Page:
by Frank Gringeri
Webster defines conformation as “the shape or structure of something, especially an animal.” This is rather vague, as everyone looks at a horse with a different set of eyes. Take away color and markings and you can get down to the business of analyzing a horse’s structure for strength and longevity. I’ve had the privilege of studying horses from a mechanical point of view for over 40 years. I see weak and I see strong. The strong, well-built ones lasted the longest in their competitive lifetimes, staying sound and going the distance year after year. Here is what I noticed time and time again as I followed these horses.
I start with the side view of the horse, as there is much to see and evaluate. There are many angles to see on the side: shoulder, pasterns, hocks, stifle, etc. These are all below the trunk of the body and can give us an indication of how well built the horse is on the top. A disconnected topline will show wear and tear on the legs in a short period of time. Because riding horses must carry weight instead of pulling weight, the topline is most important as to how the pieces go together. I break the pieces down into three parts: the forehand (the head, neck and shoulders), the back (the withers, spine and loins) and the haunches (the hips, croup and everything below). How well connected these parts are makes all the difference in the world.
Starting at the front, the head can be most any shape but the attachment to the neck via the throat latch matters. The horse has to breathe freely when he comes into flexion and this flexion comes at the poll. We call this “a clean throat latch.” If he’s thick and heavy at the throat latch, he won’t be able to breathe normally. Many people are taken with the beauty of a horse’s head but it is the throat latch that is of greater importance.
Next is the neckline – the attachment of the neck to the shoulder. The neck should be set on high with no dip as it meets the withers and the shoulder. Shorter necks are stronger than long, swan-like necks and it is the neck that is between the rider’s hand and the horse’s mouth. Some bitting problems are the result of a low neckline, as the interruption of the topline reduces contact and feel. The neck is often thought of as 20% of a horse’s back. Neck problems are as severe as leg problems, just harder to pinpoint and locate.
The withers are more than a place to hang your saddle. It’s the beginning of the attachment of the forehand to the horse’s back. The wither should be teardrop-shaped, extending well into the back and gradually blending in. A wither that looks like an island sticking up and finishing short is not strong and is insufficient in its attachment. The wither should also be slightly higher than the haunches, hence the description “uphill build.” This allows some elevation of the forehand and reduces the weight on the fore legs. This is important because a horse heavy on the forehand will put undue force on the front legs and premature wear and tear will result.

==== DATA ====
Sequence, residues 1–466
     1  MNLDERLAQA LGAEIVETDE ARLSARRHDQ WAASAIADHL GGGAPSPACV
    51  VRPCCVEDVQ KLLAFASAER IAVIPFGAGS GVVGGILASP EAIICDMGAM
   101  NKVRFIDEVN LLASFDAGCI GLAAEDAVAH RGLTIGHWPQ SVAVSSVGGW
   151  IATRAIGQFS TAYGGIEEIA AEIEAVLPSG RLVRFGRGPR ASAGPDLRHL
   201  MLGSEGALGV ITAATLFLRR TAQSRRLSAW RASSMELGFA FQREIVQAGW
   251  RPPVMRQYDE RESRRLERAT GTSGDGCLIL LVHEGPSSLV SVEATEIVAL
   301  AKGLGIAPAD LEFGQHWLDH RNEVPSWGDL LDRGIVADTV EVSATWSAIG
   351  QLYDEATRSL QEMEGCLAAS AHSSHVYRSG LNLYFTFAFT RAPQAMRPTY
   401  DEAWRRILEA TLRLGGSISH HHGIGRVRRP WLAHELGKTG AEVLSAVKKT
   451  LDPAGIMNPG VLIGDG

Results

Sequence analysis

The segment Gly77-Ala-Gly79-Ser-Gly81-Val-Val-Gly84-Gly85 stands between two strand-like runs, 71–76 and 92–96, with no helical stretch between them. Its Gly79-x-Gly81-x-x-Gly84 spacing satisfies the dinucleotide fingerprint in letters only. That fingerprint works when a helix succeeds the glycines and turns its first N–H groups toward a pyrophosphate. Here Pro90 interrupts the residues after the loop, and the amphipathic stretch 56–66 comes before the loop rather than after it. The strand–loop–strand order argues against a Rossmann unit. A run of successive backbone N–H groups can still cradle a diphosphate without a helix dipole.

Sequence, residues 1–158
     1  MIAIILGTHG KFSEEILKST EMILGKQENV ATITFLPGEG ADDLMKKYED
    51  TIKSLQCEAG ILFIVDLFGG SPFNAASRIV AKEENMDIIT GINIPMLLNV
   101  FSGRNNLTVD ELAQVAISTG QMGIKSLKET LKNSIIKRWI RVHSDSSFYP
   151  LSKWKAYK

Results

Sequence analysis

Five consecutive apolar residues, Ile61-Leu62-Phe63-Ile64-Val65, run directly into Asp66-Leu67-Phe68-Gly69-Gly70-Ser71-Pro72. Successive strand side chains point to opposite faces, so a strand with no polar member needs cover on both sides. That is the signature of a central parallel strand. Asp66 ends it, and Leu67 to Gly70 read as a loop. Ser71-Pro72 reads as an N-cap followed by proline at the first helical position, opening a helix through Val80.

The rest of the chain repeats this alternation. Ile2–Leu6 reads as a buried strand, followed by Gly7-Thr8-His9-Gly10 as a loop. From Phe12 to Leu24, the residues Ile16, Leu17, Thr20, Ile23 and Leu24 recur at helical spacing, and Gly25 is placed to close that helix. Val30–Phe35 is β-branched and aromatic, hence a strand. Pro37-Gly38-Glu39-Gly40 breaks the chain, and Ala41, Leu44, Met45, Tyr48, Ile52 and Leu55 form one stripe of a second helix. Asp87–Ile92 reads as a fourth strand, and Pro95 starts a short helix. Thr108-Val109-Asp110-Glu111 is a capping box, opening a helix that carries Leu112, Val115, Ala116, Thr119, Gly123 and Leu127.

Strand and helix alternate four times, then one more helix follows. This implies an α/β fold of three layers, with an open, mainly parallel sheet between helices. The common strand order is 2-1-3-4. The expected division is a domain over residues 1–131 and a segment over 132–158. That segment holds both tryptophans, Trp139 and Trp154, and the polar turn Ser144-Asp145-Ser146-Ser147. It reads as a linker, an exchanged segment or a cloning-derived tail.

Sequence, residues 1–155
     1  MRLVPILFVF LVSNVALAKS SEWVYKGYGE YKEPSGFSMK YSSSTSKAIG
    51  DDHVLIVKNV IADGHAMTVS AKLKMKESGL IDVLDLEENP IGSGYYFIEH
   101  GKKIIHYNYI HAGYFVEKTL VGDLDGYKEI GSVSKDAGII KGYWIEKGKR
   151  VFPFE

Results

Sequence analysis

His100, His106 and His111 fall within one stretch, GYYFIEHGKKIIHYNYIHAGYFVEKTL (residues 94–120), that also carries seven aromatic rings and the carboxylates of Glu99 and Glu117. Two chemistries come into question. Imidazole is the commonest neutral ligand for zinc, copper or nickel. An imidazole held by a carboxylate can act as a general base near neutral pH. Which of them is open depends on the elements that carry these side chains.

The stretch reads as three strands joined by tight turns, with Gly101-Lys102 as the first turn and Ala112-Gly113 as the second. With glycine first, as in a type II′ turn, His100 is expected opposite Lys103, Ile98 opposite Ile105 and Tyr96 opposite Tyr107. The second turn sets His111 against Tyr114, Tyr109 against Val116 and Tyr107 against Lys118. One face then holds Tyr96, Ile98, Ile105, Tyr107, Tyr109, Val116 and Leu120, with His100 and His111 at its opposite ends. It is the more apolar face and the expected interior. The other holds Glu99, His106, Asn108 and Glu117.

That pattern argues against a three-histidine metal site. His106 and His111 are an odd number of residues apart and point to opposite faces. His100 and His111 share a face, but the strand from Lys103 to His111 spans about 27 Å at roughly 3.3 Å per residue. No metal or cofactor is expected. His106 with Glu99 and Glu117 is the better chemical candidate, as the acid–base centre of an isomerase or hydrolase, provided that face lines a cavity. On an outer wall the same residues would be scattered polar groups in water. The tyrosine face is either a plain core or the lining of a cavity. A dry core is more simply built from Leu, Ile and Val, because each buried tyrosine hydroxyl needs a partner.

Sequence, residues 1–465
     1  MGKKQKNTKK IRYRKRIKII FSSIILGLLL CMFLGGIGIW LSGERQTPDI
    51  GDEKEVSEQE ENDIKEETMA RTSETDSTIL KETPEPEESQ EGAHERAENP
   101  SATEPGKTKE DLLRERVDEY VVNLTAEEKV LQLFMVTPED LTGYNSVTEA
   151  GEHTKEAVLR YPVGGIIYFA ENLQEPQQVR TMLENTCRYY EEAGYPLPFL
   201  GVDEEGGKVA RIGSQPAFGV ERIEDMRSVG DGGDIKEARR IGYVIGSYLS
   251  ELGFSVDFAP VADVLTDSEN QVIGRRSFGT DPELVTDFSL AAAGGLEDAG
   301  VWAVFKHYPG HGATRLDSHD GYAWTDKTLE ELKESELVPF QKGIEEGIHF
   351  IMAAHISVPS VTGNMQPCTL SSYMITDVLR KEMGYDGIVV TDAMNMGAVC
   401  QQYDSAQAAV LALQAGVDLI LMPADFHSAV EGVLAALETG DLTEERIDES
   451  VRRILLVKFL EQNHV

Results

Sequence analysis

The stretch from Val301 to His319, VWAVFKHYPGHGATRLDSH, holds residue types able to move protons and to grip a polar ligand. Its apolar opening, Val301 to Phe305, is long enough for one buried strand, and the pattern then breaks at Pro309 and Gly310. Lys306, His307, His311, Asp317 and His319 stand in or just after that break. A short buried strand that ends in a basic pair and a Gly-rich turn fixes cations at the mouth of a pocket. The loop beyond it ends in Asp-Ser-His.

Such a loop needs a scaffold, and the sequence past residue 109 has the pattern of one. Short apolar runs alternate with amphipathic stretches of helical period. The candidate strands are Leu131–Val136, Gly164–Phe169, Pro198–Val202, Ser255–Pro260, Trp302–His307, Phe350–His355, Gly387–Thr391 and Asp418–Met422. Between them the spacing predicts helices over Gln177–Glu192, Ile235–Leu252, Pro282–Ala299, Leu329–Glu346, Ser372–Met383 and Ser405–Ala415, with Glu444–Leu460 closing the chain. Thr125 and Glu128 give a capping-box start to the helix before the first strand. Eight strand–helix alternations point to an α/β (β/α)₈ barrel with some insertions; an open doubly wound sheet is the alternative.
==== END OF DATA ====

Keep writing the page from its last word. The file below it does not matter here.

The back should be straight, not swayed or dipped, with some muscular definition on either side of the spine. It can be long or short but somewhere in between is preferred. Of greater importance is the loin area, which is just back of where the saddle ends. This is really the binding glue that attaches and connects the haunches to the rest of the horse. European horses are well defined in the loins and very muscular. This will help connect all the power from the haunches and will ensure the energy gets up front to the hand. As we get to the haunches, there should be no rise in height. “Overbuilt,” meaning the haunches are a few inches higher than the rest of the topline, is grave because this downward frame puts too much weight and strain on the front legs causing excessive wear and early lameness. “Long in the hip” is greatly preferred – past the loins, the croup should not slope down to the tail but rather continue in a straight line to the end of the horse. This will be important when the horse pushes off the ground as he will get the most power. The angles of the stifle and hock working together with a good, strong hip will be the most powerful way to create forward motion.
In summary, how the three pieces blend together is as important as the shape or structure themselves. A savvy horseman will accept that there is no perfectly conformed horse. He must judge how strong the pieces are on the top and how well connected they are. Horses strongly attached move well and with almost no effort. The haunches are engaged with very little effort and it’s not arduous for these horses to track up and stay connected in all three gaits. Motion comes easily to the well-connected horse and he is much easier to ride. In my mind, poor or weak conformation is the number one cause of lameness. If all other variables are equal, proper training and conditioning, along with good nutritional levels and care, conformation plays a pivotal role in maintaining a high level, long-lasting performance from the horse. I liken conformation to a tall office building; if it’s constructed with no regard to level and plumb, then its days of standing straight are limited. Of course, we cannot build a horse from the ground up but if you understand how conformation works, how it all goes together on the top, then you can choose wisely a horse with soundness and longevity.
The problem is it takes a lifetime of study to see the horse for what he is and what he can do. If we can pick a good strong structure to begin with, then we can shape and mold the mental aspects of the horse through proper handling and training. It’s all up to you to make prudent choices.
Next time, we will discuss the conformation of the four limbs. If you don’t have good landing gear, you can find trouble in a hurry.